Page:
laurenlikestocook

Happy (Very, Very, Very) Belated New Year!

In Beans, Bread, Dessert, Holiday, Italian, Pasta, Potato, Vegetables on January 13, 2012 at 2:08 pm

It’s still the first half of the month, so I suppose this post can still pass for a New Year’s edition.  I know you all are probably well into considering giving up those resolutions, but here is a reminder of the foods the drove you to go on your January diets.

We had our annual New Year’s Eve party, so the whole week before was super busy preparing the apartment, doing the food shopping, experimenting with drinks, etc.  Hence, the lack in posts the week before, and also the week after (I told myself I get a few days off after working 2 days non-stop cooking for the party).

Every year, we choose a different theme for the party.  This year was an Italian theme.  We got red, white, and green decorations/plates/napkins, made a delicious Italian meal, and served this amazing Italian fruit punch.  It is Giada’s recipe, and everyone loved it so much that I had to make 5 PITCHERS WORTH.  Here’s a snap of the first batch.

For those of you who want to make this recipe, I actually used half the amount of seltzer recommended and substituted with proseco.  I also added maraschino juice because the liqueur I got was clear, and not red.

For the appetizers, we of course had slices of Italian bread, bruschetta crackers, and bread sticks.  Italians love their bread.  We also had an antipasto platter that had prosciutto, salami, fresh mozarrella, parmeggiano reggiano, and pecorino romano.  The pecorino was soooooooo good, and VERY expensive.  But it was really worth it!  There was some roasted red peppers, marinated veggies, and crudités serve with a cannolini bean and roasted garlic dip.  I forgot to take pictures of each step, but here is a photo of the spread.

For those of you curious as to how I made the bean dip, here are the steps.  The night before, I soaked 2 cups of dry cannolini beans.  The next day, I drained and rinsed them, and cooked until tender.

At the same time the beans were cooking, I roasted a whole head of garlic in the oven for an hour.  To prepare the garlic, you stand it up, and slice off about 1/2 a centimeter on top.  Then you place it on a sheet of aluminum foil, and top with some EVOO, and wrap it up tightly.  When the garlic is ready, you have to unwrap the foil to let it cool to the touch.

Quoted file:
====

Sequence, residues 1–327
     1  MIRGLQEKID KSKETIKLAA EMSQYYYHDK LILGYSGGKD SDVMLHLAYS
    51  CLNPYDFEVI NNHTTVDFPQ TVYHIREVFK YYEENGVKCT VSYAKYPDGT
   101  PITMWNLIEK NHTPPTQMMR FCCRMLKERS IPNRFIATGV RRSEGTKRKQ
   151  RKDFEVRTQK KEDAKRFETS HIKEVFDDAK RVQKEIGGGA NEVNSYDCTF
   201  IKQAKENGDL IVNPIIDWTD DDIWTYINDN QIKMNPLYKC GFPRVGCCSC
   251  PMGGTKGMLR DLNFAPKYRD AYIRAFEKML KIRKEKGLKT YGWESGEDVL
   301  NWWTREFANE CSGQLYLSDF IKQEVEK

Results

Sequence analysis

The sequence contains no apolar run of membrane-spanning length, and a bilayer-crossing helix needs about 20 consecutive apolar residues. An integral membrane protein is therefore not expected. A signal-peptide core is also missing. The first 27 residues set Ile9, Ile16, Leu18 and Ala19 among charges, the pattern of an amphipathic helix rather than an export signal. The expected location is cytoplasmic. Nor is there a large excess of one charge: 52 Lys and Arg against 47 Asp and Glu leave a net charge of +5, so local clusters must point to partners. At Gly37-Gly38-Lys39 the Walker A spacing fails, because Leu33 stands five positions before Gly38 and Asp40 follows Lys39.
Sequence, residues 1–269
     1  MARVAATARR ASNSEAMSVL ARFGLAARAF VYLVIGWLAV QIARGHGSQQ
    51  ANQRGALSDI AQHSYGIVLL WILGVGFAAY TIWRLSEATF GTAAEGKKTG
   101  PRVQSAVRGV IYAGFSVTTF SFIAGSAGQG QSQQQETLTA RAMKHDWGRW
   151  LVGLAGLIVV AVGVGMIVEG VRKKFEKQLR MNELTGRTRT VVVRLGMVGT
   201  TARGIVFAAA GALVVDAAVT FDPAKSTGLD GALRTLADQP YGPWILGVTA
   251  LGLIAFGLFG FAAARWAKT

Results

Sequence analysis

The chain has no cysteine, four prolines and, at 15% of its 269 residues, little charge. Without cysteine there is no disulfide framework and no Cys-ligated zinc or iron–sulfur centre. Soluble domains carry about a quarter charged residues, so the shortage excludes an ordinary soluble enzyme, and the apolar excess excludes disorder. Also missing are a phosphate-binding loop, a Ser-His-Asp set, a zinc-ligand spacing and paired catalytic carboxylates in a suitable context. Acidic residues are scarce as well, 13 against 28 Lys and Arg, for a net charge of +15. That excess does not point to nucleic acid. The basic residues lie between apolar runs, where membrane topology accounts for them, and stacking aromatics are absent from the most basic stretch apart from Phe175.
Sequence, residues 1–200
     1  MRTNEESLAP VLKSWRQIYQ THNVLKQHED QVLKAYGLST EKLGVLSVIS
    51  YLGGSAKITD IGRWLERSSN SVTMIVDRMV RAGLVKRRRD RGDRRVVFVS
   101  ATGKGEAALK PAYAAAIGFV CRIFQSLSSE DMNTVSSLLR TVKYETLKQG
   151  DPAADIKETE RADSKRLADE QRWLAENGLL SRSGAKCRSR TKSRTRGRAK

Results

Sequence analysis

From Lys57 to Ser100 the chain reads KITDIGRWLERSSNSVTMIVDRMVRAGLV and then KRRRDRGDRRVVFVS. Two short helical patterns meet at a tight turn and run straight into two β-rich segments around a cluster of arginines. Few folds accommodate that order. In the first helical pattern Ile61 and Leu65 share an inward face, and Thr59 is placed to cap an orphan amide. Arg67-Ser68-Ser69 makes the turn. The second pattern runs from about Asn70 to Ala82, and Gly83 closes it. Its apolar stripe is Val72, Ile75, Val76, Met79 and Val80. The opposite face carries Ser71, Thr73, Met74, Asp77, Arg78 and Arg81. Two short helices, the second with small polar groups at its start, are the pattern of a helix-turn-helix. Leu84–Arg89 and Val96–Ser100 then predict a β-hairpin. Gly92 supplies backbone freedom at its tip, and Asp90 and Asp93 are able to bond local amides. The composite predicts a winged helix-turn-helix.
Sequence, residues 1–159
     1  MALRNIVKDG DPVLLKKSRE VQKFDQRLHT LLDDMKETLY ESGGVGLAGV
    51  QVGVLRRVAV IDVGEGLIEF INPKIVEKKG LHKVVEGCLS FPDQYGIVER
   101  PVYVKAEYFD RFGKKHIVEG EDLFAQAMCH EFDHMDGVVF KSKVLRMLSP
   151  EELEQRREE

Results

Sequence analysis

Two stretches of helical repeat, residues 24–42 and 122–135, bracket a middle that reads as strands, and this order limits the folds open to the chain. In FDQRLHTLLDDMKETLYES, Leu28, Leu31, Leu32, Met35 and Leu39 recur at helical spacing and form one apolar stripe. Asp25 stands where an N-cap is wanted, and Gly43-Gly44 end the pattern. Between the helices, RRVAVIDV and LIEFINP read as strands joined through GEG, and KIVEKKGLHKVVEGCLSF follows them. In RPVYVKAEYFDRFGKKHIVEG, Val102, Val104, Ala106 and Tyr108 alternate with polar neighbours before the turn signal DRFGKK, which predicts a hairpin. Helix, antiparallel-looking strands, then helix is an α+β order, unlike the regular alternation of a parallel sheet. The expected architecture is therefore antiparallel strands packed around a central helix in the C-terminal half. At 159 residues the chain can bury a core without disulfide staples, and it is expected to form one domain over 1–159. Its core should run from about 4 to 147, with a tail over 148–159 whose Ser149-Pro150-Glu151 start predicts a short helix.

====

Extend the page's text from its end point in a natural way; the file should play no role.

The other element to the dip is sage.  Sage and cannolini beans are a perfect match!  I used about 6 big sage leaves, pulsing them in a large food processor.  Then, I added the beans and about 1/2 cup of the liquid.  Finally, I grabbed the garlic by the bottom and squeezed out all of the gloves, which had cooked to a paste consistency.   You could also use the roasted garlic as a spread on a sandwich or in mashed potatoes.  Adding some salt, I blended the ingredients in the food processor until smooth.  It was so yummy!

For the main course, we made the gnocchi and chicken dishes from our cooking class.  This time the gnocchi came out so soft and delicious, it was definitely restaurant quality.  We also baked it with some fresh mozzarella for an added special touch.

I also made some sauteed spinach with garlic.  It’s a typical contorno in Italy.  I used very little EVOO (maybe 2 tbsp for 2 lbs of spinach) in a pan with some crushed garlic cloves.  Then I added the spinach, which wilted down to a rich, green, delicious masterpiece.  Everyone was pretty full, so there was plenty leftover for me to use for the week.  I probably had a spinach omelet 4 days last week.  Here’s one of the first.


For dessert, there was tiramisu.  We made a double batch from the last time, only this time we layered the lady fingers and cream in a rectangular tin.  Unfortunately, people were really full and there was a good half of it left.  Looks like the resolution was going to be delayed a few days…

 

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  1. […] New Years Eve parties ago, we had an East Asian theme (last year’s was Italian).  One of the main courses was salmon teriyaki, which everyone loved.  In fact, there were no […]

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